runit / daemontools / s6 and friends can be used as a kind of watchdog to detect the absence of some event. Use sv restart ... or the equivalent to tickle the watchdog and delay the event, perhaps in another supervised script!

  • ./run creates a new process group:

    exec setsid ./run2
  • ./run2 traps SIGTERM to exit and waits for a timeout before invoking the watchdog response:

    onTerm() { trap '' TERM; kill -TERM 0; exit; }
    trap onTerm TERM
    sleep $(cat ./watchdog-period) &
    trap '' TERM
    exec ./watchdog-fire

    Where ./watchdog-period contains the interval in seconds during which the watchdog must be reset, and ./watchdog-fire is the script to run when it’s all gone south.

Line-based Parallel Mapping in Shell

“I was nerd-sniped” is really the only defense I have for this particular section’s existence. It’s something of a response to, which goes into a fair bit of detail and to moderate lengths to work around not having message boundaries respected by UNIX pipes. That approach didn’t sit well with me, aesthetically, and I guess I was wanting to get to know my shell better.

Anyway, given a shell pipeline

source | mapper | sink

if mapper’s action is dependent only on each line, but takes a while, you might wish to have multiple mappers running in parallel. For various reasons, existing tools like GNU parallel and xargs are not sufficient (as of this writing). Thus, I present which uses zsh coproc-esses and the zsh/zselect to manage a flock of workers.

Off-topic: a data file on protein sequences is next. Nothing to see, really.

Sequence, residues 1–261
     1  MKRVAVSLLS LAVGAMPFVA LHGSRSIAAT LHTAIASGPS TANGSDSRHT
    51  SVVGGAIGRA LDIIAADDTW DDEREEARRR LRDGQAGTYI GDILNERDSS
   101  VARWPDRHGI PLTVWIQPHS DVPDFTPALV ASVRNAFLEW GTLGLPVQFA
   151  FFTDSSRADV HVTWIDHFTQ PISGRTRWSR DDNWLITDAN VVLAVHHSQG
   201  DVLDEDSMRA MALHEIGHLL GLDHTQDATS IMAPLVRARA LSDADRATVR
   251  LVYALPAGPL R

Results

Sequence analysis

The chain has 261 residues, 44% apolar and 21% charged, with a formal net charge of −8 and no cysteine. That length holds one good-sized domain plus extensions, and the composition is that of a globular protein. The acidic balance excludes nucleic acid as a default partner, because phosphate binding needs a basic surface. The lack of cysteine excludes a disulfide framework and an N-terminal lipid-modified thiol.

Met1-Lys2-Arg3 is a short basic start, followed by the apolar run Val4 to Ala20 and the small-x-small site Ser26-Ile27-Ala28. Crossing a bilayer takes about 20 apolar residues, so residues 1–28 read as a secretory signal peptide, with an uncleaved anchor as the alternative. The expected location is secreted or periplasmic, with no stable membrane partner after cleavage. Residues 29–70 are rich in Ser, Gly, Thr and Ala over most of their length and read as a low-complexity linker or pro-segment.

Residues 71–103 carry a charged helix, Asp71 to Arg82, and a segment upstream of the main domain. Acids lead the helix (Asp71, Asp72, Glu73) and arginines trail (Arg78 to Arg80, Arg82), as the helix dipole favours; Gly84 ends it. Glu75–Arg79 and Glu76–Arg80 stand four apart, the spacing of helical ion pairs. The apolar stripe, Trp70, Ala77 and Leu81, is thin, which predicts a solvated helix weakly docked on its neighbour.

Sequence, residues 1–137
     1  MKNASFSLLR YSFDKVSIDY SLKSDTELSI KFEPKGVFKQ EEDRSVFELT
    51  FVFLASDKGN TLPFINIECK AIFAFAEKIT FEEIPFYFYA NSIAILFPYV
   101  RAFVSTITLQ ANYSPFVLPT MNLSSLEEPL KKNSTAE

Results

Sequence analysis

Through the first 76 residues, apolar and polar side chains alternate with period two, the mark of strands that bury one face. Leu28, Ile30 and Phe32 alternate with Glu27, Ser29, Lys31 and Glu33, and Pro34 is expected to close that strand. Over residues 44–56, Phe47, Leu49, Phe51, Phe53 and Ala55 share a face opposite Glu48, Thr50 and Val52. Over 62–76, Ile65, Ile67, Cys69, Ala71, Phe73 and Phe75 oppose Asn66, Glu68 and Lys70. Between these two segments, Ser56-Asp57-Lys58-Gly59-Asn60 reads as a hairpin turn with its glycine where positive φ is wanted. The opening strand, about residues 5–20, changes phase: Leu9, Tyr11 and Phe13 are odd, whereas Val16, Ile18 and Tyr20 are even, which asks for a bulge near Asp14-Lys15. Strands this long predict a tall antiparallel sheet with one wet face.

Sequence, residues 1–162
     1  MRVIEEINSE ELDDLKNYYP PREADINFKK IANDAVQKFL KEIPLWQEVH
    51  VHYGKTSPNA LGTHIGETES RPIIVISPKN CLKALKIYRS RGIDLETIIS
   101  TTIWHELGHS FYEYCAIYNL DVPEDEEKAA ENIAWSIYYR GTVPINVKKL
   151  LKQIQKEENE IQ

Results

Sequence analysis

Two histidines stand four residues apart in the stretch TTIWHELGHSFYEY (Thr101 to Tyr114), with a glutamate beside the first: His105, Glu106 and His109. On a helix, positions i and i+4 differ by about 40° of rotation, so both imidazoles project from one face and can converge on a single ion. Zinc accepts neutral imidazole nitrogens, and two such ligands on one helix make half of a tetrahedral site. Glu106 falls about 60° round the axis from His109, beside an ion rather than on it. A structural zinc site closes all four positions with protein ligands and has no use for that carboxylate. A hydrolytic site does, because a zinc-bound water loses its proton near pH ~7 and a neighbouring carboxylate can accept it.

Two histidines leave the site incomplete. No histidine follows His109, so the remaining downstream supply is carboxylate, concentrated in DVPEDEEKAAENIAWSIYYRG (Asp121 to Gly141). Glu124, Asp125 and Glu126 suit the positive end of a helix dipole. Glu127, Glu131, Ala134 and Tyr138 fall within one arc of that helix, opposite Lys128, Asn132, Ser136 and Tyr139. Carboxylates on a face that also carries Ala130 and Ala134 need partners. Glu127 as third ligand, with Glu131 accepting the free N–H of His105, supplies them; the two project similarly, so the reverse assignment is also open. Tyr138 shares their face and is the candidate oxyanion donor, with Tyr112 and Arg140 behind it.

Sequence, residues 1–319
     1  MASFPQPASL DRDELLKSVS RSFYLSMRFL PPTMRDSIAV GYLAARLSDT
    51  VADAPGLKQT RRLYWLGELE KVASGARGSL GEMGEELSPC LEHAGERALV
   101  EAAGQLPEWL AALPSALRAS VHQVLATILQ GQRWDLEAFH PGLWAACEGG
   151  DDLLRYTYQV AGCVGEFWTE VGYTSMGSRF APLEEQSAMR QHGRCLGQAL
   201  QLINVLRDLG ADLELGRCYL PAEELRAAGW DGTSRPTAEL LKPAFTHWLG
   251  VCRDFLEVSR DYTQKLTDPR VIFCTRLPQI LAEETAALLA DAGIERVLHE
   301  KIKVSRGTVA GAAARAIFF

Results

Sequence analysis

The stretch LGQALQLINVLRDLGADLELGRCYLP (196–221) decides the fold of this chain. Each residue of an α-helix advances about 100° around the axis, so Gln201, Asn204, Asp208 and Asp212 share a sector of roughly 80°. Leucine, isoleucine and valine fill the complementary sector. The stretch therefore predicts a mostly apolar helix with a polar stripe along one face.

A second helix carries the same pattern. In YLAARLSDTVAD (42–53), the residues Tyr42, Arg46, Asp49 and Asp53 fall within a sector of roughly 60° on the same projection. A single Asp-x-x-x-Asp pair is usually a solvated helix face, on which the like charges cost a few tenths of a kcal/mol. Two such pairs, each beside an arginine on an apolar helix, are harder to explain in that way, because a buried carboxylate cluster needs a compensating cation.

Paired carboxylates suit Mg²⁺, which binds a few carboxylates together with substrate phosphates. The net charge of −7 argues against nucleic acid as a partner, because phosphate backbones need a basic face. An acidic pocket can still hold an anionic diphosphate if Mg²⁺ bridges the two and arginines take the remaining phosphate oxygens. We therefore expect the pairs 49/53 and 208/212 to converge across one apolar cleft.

Use as in this self-test:

diff <(./ 3 cat < /usr/share/dict/words | sort) <(sort /usr/share/dict/words)

If we pass a slow worker, we can see the right thing happening as the pipes first fill to their internal buffer sizes and then things start blocking:

$ ./ 3 ./ < /usr/share/dict/words


Packing Milestones

Left to its own devices, git will occasionally repack the entire repository, coalescing all objects into a single pack. This entails repacking old revisions every time, which, for large repositories, is unlikely to do anyone any good. You can create “kept” pack files containing objects that will not be reconsidered in the future, reducing the churn. A good way to do this is to pick a “milestone” commit, something that certainly won’t go away in the future, and pack everything transitively reachable therefrom. In zsh, this might be as simple as

(B=origin/master P=.git/objects/pack/pack H=$(git pack-objects --honor-pack-keep --revs $P <<< $B) ; echo "$B $(date +%Y%m%d)" > $P-$H.keep)

This command can be rerun whenever the churn set gets too large. If this is the only source of kept packs (git does not create them by default), then the repository has the nice property that its set of kept packs are transitively closed, which (hopefully) will become a useful fact in future versions of git.

Kerberos & AFS

Persistent AFS Tokens for Daemons

If a daemon runs as a particular UID, it’s relatively straightforward to use the AFS Unix CM’s default UID-based PAG to ensure that that service has authenticated access to AFS, even without that UID having access to the Kerberos keytab. For example, using runit and k5start, a run script of

exec keyctl session - $PWD/run2

creates a new “session” kernel keyring and runs run2

export KRB5CCNAME=KEYRING:session
export AKLOG=$PWD/
exec k5start -F -P -K 240 -f /etc/krb5/service.keytab -U -t

which configures Kerberos to use said session keyring for ticket storage and uses k5start to get tickets from the service.keytab file. The script then enters the target UID PAG, by setting its UID, but brings the session and environment variables with it:

exec chpst -u ${service_uid} aklog

Replace ${service_uid} appropriately.